Reaction progress kinetic analysis

In chemistry, reaction progress kinetic analysis (RPKA) is a subset of a broad range of kinetic techniques utilized to determine the rate laws of chemical reactions and to aid in elucidation of reaction mechanisms. While the concepts guiding reaction progress kinetic analysis are not new, the process was formalized by Professor Donna Blackmond in the late 1990s and has since seen increasingly widespread use. Unlike more common pseudo-first-order analysis, in which an overwhelming excess of one or more reagents is used relative to a species of interest, RPKA probes reactions at synthetically relevant conditions Generally, this analysis involves a system in which the concentrations of multiple reactants are changing measurably over the course of the reaction. As the mechanism can vary depending on the relative and absolute concentrations of the species involved, this approach obtains results that are much more representative of reaction behavior under commonly utilized conditions than do traditional tactics. Furthermore, information obtained by observation of the reaction over time may provide insight regarding unexpected behavior such as induction periods, catalyst deactivation, or changes in mechanism.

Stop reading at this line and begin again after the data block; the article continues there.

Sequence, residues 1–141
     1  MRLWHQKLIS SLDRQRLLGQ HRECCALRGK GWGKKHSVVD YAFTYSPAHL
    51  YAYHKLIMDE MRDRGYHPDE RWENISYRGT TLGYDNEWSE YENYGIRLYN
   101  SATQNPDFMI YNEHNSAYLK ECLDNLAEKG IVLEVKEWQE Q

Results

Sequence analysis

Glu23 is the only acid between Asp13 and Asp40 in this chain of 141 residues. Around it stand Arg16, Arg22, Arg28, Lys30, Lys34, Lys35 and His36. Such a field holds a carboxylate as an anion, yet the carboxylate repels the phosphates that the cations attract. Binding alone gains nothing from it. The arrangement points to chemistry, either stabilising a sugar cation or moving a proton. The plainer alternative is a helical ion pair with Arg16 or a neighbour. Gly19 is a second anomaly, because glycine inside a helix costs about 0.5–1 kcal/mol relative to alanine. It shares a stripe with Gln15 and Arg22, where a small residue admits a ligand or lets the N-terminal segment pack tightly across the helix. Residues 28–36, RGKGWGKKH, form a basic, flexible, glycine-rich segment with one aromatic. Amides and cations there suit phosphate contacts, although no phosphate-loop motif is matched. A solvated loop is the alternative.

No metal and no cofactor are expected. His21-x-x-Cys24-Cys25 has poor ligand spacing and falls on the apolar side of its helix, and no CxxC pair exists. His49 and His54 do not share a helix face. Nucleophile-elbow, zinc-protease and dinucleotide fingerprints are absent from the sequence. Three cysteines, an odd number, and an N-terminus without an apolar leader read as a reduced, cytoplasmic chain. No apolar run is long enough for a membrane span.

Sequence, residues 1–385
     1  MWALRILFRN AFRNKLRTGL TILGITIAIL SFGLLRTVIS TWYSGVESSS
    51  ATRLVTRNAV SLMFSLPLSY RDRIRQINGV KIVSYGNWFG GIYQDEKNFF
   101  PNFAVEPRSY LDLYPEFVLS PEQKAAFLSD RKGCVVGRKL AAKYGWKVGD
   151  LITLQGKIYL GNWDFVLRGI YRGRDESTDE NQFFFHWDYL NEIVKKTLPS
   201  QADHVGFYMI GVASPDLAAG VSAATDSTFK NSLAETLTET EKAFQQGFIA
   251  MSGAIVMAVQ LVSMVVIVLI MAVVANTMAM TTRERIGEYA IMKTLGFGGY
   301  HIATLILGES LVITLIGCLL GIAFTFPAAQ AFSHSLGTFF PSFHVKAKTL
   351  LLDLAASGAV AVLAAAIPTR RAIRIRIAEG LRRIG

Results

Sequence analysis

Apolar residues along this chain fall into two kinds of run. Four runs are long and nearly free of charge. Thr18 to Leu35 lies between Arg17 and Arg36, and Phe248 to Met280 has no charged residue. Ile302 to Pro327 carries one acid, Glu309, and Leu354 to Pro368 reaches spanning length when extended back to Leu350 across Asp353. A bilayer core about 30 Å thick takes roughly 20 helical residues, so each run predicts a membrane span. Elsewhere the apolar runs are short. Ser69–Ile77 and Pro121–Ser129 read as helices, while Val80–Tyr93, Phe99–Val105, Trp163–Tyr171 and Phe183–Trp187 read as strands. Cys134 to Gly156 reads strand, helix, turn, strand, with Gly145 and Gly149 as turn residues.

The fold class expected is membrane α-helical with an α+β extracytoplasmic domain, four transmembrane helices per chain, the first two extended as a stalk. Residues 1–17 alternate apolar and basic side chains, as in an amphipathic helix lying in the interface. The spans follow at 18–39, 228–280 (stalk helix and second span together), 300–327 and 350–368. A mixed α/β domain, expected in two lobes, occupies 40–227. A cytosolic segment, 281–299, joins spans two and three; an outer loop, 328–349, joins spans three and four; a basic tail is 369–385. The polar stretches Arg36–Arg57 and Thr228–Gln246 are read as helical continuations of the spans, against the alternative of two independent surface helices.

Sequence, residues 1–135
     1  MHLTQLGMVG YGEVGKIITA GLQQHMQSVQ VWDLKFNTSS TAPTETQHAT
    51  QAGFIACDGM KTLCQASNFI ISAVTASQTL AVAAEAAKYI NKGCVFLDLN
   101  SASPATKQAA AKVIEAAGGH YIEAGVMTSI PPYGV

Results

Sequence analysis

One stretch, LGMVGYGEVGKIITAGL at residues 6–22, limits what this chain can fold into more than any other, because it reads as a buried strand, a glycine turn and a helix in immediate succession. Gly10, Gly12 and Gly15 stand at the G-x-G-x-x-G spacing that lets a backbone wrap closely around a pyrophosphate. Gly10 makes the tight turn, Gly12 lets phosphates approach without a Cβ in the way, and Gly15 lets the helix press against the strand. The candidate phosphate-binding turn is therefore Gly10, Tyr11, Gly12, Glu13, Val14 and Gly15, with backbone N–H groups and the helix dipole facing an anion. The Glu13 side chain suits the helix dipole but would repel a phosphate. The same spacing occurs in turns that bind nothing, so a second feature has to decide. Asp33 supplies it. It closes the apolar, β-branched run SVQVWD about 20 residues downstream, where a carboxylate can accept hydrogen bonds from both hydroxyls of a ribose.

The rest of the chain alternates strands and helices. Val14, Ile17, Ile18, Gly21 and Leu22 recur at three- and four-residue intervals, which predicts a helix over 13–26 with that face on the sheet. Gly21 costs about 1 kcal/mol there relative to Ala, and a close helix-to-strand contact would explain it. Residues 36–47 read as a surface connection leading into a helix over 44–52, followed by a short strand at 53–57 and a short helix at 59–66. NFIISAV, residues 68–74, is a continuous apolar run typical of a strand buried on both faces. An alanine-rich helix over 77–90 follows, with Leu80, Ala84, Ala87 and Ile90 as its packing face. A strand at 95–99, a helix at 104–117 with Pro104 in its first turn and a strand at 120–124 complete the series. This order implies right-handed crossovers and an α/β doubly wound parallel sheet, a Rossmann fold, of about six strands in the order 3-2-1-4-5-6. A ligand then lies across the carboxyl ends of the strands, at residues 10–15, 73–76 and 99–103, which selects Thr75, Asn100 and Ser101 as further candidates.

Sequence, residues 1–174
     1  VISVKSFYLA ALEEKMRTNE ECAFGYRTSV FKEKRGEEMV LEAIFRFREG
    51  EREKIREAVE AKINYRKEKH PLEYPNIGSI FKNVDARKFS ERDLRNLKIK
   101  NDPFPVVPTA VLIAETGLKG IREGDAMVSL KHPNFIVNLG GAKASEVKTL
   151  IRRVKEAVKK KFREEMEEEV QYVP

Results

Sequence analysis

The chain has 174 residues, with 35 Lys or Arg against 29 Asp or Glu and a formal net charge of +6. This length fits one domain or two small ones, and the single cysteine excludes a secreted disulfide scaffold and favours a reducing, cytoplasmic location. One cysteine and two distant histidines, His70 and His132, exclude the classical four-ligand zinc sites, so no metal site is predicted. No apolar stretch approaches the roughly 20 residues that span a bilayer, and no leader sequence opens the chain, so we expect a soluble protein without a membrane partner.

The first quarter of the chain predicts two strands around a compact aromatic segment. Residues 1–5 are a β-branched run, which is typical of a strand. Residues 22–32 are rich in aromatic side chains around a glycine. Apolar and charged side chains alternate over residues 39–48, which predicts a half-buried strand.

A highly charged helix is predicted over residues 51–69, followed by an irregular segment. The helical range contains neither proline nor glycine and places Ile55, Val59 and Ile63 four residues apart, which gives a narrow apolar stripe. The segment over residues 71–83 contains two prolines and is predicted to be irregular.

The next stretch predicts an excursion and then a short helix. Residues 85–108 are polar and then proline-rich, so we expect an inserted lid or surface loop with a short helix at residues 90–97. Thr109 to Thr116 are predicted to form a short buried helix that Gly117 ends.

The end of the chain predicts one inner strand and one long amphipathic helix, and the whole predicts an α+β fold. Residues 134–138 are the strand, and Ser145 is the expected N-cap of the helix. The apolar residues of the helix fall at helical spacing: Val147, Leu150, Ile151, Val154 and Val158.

In chemistry, reaction progress kinetic analysis (RPKA) is a subset of a broad range of kinetic techniques utilized to determine the rate laws of chemical reactions and to aid in elucidation of reaction mechanisms. While the concepts guiding reaction progress kinetic analysis are not new, the process was formalized by Professor Donna Blackmond in the late 1990s and has since seen increasingly widespread use. Unlike more common pseudo-first-order analysis, in which an overwhelming excess of one or more reagents is used relative to a species of interest, RPKA probes reactions at synthetically relevant conditions Generally, this analysis involves a system in which the concentrations of multiple reactants are changing measurably over the course of the reaction. As the mechanism can vary depending on the relative and absolute concentrations of the species involved, this approach obtains results that are much more representative of reaction behavior under commonly utilized conditions than do traditional tactics. Furthermore, information obtained by observation of the reaction over time may provide insight regarding unexpected behavior such as induction periods, catalyst deactivation, or changes in mechanism.
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